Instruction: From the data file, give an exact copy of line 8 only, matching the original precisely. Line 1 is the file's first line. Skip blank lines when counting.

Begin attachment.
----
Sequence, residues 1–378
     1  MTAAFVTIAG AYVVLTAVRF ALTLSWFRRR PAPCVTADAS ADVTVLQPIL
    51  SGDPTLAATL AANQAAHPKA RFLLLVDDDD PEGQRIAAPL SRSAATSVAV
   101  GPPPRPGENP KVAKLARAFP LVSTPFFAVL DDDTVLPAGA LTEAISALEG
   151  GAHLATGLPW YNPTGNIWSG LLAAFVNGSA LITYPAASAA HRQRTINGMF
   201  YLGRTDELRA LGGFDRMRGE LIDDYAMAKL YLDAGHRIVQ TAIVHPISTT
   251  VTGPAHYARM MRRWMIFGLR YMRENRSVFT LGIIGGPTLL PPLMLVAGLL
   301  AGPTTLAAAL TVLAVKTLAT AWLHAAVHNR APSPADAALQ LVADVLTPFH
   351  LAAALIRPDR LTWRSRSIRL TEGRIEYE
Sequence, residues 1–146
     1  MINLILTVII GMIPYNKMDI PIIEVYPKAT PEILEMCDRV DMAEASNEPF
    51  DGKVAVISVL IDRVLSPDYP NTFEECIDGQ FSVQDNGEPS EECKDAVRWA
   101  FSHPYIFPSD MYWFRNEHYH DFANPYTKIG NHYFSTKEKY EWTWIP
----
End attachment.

   301  AGPTTLAAAL TVLAVKTLAT AWLHAAVHNR APSPADAALQ LVADVLTPFH